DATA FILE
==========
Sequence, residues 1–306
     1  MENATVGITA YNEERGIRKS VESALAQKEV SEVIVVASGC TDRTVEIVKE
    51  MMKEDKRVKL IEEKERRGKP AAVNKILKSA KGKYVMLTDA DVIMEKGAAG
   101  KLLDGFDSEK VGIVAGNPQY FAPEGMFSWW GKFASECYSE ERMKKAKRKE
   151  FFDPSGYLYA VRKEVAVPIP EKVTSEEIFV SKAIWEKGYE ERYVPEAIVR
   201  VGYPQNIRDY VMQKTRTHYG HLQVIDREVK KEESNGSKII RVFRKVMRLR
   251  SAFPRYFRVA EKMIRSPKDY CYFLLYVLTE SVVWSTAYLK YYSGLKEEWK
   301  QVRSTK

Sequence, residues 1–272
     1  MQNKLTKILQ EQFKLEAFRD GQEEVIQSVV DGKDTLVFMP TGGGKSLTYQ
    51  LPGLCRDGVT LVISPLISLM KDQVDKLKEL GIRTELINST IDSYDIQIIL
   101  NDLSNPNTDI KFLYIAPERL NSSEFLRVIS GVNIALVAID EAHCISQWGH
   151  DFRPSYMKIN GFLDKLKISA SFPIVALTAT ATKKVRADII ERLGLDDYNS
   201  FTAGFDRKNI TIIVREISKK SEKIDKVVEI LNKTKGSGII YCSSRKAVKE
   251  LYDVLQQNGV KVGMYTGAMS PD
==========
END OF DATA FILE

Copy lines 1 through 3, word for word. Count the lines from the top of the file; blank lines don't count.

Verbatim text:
Sequence, residues 1–306
     1  MENATVGITA YNEERGIRKS VESALAQKEV SEVIVVASGC TDRTVEIVKE
    51  MMKEDKRVKL IEEKERRGKP AAVNKILKSA KGKYVMLTDA DVIMEKGAAG